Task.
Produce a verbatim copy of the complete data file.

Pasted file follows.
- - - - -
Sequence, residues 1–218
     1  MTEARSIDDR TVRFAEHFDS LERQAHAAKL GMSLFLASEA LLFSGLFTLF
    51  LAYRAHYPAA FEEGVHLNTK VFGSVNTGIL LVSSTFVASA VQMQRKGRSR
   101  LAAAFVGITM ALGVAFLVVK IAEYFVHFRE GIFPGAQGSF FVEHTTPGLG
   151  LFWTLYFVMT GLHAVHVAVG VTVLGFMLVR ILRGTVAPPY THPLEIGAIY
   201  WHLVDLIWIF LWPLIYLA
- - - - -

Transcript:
Sequence, residues 1–218
     1  MTEARSIDDR TVRFAEHFDS LERQAHAAKL GMSLFLASEA LLFSGLFTLF
    51  LAYRAHYPAA FEEGVHLNTK VFGSVNTGIL LVSSTFVASA VQMQRKGRSR
   101  LAAAFVGITM ALGVAFLVVK IAEYFVHFRE GIFPGAQGSF FVEHTTPGLG
   151  LFWTLYFVMT GLHAVHVAVG VTVLGFMLVR ILRGTVAPPY THPLEIGAIY
   201  WHLVDLIWIF LWPLIYLA